A Double Barrelled Detective Story

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A Double-Barreled Detective Story
1902doublebarrel.jpg
Frontispiece of “A Double-Barreled Detective Story”
Author Mark Twain
Illustrator Lucius Hitchcock
Country United States
Language English
Genre Novel
Published 1902 (Harper & Brothers)[1]
Media type Print (Hardback)
Pages 179
OCLC 1824124
Preceded by To My Missionary Critics
Followed by A Dog's Tale

A Double Barreled Detective Story is a short story/novelette by Mark Twain (Samuel Clemens), in which Sherlock Holmes finds himself in the American west.

The story contains two arcs of revenges. In the primary arc, a woman was abused, humiliated and abandoned by her fiancé Jacob Fuller, while she bore his child. The child was born and named Archy Stillman and when he got older, the mother discovered that the child possessed an incredible ability of smell, like a bloodhound. The mother instructed her child, now sixteen, to seek out his biological father, destroy that man’s peace and reputation, hence extract satisfaction for her.

Five years later in a second arc, at a mining camp in California, Fetlock Jones, a nephew of Sherlock Holmes, killed his master Flint Buckner, a silver-miner, by blowing up his cabin. Since this occurs when Holmes happened to be visiting, Holmes applied his skills to bear upon the case and derived a logically worked conclusion that was proved to be abysmally wrong by an Archy Stillman using his sense of smell. This could be seen as yet another piece where Twain tried to prove that life does not quite follow logic.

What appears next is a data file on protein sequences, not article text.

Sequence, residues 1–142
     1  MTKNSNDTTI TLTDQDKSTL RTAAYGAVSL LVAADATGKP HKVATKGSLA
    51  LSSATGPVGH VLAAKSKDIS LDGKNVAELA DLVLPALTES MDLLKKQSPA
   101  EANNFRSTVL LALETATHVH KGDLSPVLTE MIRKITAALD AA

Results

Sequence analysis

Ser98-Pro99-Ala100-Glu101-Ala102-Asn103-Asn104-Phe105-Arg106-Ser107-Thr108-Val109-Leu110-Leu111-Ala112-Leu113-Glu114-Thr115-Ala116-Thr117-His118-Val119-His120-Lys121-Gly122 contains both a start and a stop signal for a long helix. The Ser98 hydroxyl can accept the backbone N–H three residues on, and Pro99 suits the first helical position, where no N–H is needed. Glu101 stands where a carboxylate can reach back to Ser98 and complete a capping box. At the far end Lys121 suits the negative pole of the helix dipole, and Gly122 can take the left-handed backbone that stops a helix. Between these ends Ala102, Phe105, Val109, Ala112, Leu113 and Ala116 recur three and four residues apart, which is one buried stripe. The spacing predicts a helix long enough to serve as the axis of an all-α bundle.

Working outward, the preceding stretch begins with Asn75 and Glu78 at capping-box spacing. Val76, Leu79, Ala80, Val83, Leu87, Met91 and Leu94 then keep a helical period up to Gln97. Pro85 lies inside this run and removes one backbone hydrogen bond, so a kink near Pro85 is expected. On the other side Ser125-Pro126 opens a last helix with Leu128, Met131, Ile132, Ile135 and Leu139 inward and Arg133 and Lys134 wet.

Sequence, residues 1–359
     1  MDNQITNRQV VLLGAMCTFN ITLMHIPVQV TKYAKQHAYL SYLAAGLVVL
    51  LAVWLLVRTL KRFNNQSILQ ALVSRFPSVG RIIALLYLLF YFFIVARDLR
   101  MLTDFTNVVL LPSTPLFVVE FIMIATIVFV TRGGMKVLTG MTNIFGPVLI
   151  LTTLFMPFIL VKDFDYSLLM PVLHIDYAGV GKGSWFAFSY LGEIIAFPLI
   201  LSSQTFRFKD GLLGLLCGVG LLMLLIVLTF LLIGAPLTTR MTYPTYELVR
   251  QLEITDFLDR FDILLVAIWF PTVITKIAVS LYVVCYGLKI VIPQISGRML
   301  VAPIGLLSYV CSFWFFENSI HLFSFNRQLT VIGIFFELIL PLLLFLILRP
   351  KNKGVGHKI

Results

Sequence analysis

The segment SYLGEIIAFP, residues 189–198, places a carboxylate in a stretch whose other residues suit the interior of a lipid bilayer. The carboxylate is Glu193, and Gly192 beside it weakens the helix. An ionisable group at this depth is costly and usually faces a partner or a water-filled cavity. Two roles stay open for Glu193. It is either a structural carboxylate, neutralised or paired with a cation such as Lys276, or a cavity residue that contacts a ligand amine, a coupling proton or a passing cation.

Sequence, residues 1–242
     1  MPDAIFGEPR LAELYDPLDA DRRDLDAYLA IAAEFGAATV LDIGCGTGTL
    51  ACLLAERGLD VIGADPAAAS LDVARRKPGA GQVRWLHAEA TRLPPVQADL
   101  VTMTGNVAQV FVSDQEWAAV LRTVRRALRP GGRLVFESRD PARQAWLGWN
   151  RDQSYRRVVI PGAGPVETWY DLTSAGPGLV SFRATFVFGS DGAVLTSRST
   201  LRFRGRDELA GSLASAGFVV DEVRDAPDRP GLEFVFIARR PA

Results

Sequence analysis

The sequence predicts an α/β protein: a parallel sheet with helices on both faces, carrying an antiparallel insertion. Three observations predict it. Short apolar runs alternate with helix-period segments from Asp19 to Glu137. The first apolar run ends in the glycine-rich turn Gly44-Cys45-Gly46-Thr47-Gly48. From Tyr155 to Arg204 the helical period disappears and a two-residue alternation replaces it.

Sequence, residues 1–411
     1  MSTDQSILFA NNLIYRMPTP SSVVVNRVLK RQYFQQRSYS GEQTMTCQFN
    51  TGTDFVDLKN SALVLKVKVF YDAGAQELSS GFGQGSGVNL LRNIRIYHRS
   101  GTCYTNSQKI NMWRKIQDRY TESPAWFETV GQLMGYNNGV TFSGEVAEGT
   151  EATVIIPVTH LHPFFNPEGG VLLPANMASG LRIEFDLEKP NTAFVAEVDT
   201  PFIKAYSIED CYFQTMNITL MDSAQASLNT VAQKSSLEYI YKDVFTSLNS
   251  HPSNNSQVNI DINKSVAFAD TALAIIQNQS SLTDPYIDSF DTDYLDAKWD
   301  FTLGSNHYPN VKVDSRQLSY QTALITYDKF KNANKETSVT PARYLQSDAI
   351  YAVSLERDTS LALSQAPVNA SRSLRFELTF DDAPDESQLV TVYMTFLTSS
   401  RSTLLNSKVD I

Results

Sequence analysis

This is a satire by Twain on the mystery novel genre. In the second arc, Sherlock Holmes was depicted in employing “scientific methods” to a ridiculous degree, yet arriving at a completely wrong assessment. On the other hand, the crime was solved with a supernatural ability that no normal human possesses. Yet even that could fail to reveal the whole truth as the final twist of the story indicated.

Furthermore, Sam Clemens/Mark Twain poked through the "4th wall" and appeared as himself in the middle of the story, supposedly while the story was being serialized, and responded to letters sent in by readers to the newspaper editor. During the exchange, Twain made fun of/self-advertised on some of his other famous short stories.

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References[edit]

  1. ^ Facsimile of the original 1st edition.

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